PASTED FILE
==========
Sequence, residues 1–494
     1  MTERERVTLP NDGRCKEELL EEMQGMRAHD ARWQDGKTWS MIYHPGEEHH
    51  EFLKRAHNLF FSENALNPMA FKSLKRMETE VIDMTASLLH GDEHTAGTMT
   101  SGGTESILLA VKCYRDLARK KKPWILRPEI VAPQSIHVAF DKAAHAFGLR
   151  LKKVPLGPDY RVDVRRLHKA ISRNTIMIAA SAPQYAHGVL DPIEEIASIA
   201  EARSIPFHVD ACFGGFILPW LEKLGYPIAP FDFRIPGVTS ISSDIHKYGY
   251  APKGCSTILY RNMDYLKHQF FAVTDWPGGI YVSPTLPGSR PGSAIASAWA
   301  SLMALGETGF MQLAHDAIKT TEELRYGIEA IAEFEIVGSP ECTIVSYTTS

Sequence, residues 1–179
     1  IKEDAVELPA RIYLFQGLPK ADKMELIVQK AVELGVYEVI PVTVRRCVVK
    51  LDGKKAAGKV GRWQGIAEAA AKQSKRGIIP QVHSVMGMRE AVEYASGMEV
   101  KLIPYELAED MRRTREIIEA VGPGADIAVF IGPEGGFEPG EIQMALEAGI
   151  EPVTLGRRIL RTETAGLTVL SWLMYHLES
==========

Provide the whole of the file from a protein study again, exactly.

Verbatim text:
Sequence, residues 1–494
     1  MTERERVTLP NDGRCKEELL EEMQGMRAHD ARWQDGKTWS MIYHPGEEHH
    51  EFLKRAHNLF FSENALNPMA FKSLKRMETE VIDMTASLLH GDEHTAGTMT
   101  SGGTESILLA VKCYRDLARK KKPWILRPEI VAPQSIHVAF DKAAHAFGLR
   151  LKKVPLGPDY RVDVRRLHKA ISRNTIMIAA SAPQYAHGVL DPIEEIASIA
   201  EARSIPFHVD ACFGGFILPW LEKLGYPIAP FDFRIPGVTS ISSDIHKYGY
   251  APKGCSTILY RNMDYLKHQF FAVTDWPGGI YVSPTLPGSR PGSAIASAWA
   301  SLMALGETGF MQLAHDAIKT TEELRYGIEA IAEFEIVGSP ECTIVSYTTS

Sequence, residues 1–179
     1  IKEDAVELPA RIYLFQGLPK ADKMELIVQK AVELGVYEVI PVTVRRCVVK
    51  LDGKKAAGKV GRWQGIAEAA AKQSKRGIIP QVHSVMGMRE AVEYASGMEV
   101  KLIPYELAED MRRTREIIEA VGPGADIAVF IGPEGGFEPG EIQMALEAGI
   151  EPVTLGRRIL RTETAGLTVL SWLMYHLES